[via Twitter]

Custom screensaver on the non-touch Kindle 4

[Kubbur87] put together a guide to replacing the Non-touch Kindle 4 screensavers with your own images. We’ve already seen a way to remove the Special Offers banners from the newest version of Kindle Hardware, this hack lets you use your own 600×800 Portable Network Graphics (.png) file instead of the images pushed to the device by Amazon.

Frankly, we’re shocked at how easy this hack is. [Kubbur87] puts the device into developer mode, enables SSH, and then goes to work on the Linux shell within. It seems the only line of protection is the root password which he somehow acquired.

After the break you’ll find his videos which show how to enable developer mode and how to perform this hack. By putting a file named “ENABLE_DIAGS” with no extension on the device when it is recognized as a USB storage device you’ll gain access to the diagnostic menu system. From there it’s just a matter of cruising that menu to get SSH access. Like we said, you’ll need the root password, that that’s as easy as naming your favorite video game character from the 1980’s.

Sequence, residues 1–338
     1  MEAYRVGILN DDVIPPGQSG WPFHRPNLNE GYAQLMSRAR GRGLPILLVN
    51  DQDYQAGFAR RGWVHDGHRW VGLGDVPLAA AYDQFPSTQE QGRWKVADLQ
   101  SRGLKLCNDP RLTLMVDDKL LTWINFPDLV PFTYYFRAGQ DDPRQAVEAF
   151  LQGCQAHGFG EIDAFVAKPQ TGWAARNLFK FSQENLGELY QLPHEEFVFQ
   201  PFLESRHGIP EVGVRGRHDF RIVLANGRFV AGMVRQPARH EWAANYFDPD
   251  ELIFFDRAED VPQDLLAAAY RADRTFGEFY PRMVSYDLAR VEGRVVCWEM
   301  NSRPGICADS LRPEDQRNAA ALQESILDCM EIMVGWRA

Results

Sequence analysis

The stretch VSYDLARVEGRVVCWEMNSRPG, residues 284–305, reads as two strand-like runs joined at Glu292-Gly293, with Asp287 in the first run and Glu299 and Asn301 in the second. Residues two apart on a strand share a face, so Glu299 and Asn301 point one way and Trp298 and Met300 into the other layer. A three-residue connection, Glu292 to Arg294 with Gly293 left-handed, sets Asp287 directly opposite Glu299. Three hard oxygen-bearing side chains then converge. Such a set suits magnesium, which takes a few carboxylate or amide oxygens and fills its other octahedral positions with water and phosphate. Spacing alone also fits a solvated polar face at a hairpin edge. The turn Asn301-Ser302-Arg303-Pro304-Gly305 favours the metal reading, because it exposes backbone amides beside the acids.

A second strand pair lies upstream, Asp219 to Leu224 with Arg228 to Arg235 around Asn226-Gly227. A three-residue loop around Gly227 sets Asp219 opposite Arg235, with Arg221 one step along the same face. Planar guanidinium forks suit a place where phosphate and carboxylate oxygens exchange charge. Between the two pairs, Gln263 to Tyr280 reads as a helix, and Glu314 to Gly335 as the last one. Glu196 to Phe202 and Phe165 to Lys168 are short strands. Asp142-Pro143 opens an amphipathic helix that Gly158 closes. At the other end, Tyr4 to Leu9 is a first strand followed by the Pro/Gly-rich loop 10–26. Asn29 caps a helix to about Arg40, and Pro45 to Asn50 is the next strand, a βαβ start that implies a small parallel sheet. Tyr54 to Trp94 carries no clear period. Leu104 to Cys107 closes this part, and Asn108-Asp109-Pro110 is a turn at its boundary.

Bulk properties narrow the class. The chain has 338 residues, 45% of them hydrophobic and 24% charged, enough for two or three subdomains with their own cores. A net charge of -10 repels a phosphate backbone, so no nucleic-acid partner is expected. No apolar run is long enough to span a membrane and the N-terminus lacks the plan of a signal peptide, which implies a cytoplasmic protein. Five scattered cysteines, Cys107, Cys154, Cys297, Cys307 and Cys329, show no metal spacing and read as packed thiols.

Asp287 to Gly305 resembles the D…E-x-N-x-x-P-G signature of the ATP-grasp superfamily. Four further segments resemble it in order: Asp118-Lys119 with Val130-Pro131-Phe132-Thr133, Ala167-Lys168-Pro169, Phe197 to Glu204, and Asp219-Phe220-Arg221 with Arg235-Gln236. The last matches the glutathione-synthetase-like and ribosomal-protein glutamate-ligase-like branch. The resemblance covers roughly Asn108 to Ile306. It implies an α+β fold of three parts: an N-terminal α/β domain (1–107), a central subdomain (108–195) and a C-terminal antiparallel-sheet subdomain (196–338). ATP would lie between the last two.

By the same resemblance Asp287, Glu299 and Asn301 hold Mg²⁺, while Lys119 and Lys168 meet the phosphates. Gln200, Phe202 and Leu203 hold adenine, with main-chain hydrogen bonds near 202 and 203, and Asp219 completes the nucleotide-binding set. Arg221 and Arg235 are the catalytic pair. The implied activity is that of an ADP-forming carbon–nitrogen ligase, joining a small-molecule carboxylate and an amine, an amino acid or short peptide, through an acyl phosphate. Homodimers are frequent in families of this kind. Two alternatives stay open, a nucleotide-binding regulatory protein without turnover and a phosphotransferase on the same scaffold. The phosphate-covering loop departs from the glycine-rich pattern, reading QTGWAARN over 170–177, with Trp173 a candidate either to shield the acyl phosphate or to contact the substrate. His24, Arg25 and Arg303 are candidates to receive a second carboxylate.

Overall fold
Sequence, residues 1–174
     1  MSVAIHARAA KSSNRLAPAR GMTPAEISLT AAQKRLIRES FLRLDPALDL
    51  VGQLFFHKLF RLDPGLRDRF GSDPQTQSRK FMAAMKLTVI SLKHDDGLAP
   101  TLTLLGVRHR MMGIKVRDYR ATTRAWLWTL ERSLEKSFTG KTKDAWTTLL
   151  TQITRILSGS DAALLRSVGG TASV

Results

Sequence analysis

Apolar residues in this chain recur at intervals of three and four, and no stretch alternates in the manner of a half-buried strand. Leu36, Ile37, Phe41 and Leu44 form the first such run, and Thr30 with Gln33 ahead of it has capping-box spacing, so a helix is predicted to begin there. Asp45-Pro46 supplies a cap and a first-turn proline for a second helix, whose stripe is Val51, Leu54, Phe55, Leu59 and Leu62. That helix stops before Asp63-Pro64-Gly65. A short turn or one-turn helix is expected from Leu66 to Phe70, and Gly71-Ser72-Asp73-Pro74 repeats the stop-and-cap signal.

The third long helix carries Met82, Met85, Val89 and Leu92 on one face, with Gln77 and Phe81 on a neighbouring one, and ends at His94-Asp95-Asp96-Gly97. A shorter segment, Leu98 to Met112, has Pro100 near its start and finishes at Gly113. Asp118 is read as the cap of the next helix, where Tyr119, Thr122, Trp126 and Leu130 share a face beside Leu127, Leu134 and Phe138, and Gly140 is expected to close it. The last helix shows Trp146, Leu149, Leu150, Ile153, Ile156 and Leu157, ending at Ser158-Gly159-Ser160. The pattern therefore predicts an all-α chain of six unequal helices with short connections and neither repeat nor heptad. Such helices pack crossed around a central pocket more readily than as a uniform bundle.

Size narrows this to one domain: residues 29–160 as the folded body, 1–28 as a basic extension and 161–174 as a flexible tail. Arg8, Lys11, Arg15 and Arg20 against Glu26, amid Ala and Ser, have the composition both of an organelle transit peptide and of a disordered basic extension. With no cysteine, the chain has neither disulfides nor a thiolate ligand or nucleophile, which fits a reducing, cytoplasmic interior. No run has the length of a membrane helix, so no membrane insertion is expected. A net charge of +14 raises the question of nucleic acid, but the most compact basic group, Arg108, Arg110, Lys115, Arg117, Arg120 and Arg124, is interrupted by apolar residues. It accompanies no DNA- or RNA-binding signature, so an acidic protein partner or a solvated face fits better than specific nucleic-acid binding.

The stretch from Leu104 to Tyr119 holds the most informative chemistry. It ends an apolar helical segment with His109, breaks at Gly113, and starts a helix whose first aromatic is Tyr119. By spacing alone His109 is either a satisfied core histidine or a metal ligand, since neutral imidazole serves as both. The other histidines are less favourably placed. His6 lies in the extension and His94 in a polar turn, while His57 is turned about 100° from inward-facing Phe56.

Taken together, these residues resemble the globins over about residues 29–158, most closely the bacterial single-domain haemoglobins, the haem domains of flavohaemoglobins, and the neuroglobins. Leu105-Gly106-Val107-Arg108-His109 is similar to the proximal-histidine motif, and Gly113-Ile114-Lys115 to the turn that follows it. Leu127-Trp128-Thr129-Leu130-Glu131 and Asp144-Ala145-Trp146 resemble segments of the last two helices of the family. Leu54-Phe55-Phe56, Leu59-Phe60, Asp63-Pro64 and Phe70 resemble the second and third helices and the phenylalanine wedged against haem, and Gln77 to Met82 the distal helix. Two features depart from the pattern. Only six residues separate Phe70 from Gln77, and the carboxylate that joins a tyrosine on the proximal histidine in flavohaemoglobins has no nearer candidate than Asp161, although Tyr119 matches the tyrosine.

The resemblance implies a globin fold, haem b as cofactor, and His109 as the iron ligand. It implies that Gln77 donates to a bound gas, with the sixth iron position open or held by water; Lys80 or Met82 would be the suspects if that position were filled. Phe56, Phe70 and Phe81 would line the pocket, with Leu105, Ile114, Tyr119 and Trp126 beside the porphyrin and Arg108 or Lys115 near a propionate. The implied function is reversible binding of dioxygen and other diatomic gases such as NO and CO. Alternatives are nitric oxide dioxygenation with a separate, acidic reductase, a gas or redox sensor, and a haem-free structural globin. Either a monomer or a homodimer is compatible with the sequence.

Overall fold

[Read more...]

Rooting a Motorola Actv (Android wristwatch)

[Chris'] family made the mistake of giving him a hackable Christmas gift. We’d bet they didn’t see much of him for the rest of the day as he set about rooting this Android wristwatch.

This thing has some pretty powerful hardware under the hood. It’s sporting an OMAP3 processor running at 600 MHz along with 256 MB of RAM. [Chris] needed to get his hands on a firmware image in order to look for security holes. He found a way to spoof the update application in order to intercept an upgrade image from the Internet.

He dumped the firmware locations and got to work searching for a way to exploit the device. Details are a bit scarce about want exactly he did, but you can download his modified image, letting you root your own Motorola Actv using the Android Debug Bridge.